Feb 25, 2015 8:48 PM
SEABROOK - Dwight Souther's lobster boat has been iced in for over a month.
No fishing? No income.
"I've lost 80 some traps and they cost about $75 each and that's not counting the rope. It gets pretty costly to lose traps,"Souther said.
Like none before, this winter is challenging commercial fishermen, espeically loberstermen.
Not only is it too cold to go out, February's storms have destroyed their fishing gear including hundreds of lobster traps that have been ripped out of the ocean waters, littering local beaches
"We picked up 85 pounds of garbage much of it rope, so it was heavy," said Jennifer Kennedy of Blue Ocean Society.
"Animals gets tangled up in the lines of rope and eat the trash by accident. They more they beat up the more plastic cones off everywhere out there."
It's illegal to remove lobster traps. A $2,000 fine for doing so means they'll remain on the beaches until the state organizes its annual spring cleanup.
Rough oceans waters have coughed up all sorts of debris.
"Any trash that doesn't get plowed, gets moved into snow dump and make it more to pick up," Kennedy said.
While springtime will bring cleanup, what will fishermen do to recoup the money they've lost this winter?
Don Stevens has been a commercial diver for 50 years. Responding to emergencies, he dives into 30 degree waters helping fishermen rescue entangled boats
"The instant we hit water, the metal freezes and balls of ice form. Encased in ice," Stevens said.
He calls ice chunks the most dangerous debris for divers and boaters, especially when cascading full speed down the Piscataqua River.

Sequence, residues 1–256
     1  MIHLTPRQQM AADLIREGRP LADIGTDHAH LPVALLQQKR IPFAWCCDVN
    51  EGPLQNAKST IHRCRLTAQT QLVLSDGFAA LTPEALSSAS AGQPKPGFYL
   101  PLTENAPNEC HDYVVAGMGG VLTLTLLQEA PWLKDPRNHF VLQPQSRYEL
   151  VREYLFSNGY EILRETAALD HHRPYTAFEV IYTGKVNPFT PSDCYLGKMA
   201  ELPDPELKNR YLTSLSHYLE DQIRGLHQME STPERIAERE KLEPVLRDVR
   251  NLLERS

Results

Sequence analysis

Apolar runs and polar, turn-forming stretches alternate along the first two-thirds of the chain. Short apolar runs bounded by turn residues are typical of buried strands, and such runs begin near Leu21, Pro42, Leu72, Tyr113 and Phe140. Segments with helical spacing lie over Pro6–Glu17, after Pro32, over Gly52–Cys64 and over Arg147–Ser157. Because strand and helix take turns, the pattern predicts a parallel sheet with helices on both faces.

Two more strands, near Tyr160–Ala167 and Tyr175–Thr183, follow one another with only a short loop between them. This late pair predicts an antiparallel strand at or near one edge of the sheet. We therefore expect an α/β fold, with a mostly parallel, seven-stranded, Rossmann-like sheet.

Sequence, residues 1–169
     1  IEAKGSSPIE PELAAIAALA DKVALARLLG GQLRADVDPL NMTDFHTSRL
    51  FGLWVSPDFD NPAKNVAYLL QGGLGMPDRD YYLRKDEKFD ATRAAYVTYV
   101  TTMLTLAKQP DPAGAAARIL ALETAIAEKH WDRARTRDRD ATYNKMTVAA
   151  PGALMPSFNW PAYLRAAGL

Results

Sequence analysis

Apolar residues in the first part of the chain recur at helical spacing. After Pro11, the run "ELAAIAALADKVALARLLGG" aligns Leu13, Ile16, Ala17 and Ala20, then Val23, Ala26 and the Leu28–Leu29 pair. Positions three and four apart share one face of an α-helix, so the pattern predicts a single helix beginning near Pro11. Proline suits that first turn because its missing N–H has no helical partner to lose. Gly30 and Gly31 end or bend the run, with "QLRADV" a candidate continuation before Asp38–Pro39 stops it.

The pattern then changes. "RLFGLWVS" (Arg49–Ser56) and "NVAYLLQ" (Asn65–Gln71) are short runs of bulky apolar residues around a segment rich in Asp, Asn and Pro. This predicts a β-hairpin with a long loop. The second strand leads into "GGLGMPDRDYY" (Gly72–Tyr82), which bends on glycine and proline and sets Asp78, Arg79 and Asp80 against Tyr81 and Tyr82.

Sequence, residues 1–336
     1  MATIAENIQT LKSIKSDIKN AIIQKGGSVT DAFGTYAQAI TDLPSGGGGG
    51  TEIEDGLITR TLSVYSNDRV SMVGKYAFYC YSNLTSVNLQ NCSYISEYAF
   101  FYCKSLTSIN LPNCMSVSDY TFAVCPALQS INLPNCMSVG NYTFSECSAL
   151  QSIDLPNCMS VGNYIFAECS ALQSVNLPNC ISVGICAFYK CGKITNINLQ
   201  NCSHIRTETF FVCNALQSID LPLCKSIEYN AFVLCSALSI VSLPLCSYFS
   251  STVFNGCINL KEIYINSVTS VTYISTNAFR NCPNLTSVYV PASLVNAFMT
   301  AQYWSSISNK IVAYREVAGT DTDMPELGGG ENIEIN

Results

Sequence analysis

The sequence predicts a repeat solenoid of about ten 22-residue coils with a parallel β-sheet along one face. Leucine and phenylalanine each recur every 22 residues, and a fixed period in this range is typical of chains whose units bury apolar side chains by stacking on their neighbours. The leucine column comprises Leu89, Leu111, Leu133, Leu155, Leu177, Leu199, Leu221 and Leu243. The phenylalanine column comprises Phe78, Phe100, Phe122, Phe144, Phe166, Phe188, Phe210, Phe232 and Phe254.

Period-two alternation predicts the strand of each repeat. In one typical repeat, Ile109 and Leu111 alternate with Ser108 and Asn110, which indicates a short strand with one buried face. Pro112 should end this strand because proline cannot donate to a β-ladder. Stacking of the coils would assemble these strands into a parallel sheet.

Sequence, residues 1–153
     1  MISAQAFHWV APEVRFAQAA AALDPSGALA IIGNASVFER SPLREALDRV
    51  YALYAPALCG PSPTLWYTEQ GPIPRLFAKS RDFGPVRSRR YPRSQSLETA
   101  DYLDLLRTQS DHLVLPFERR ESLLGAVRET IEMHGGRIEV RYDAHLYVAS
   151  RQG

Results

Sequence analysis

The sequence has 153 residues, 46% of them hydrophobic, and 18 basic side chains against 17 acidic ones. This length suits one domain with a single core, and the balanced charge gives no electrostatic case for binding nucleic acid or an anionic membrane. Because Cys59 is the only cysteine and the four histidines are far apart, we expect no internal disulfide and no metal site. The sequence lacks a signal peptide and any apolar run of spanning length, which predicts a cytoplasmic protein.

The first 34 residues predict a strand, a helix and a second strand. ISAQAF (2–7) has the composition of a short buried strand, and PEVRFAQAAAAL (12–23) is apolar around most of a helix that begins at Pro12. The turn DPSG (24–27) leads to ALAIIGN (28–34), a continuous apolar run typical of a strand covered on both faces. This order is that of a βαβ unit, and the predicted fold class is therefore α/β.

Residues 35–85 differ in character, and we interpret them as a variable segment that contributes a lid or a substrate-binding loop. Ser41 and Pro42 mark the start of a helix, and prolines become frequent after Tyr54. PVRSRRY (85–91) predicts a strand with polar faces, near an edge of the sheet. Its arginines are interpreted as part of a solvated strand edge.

"When this comes down the river it's devastating," said Stevens. "If you thought of it, it's kind of like a log splinter coming at your boat."
Shifting ice destroys, among other things, boat propellers. In Seabrook Harbor, ice chipped away at pilings, ultimately knocking down two of them.
Ice prevents lobster boats from going out, and that means wholesaler seaview lobster is having a difficult time filling orders
"49 years old and it's the worst winter i've ever seen. Worst since starting our business. Last monday it was clogged like we've never seen," said Kevin Flanigan of Seaview Lobster Co.
"The whole back channel was like the deadly straights. Couldn't even pull up to the wharf," said Flanigan.
A one pound lobster brings in $10 right now. That's if you can trap it, and then save it from the arctic air.
"If you leave lobster in the cold the claws fall off. It gets too cold," Flanigan said.
Too much ice, too much snow, and too cold.
February 2015 will go down in the record books as one of the worst ever for New Englanders making a living off the ocean.
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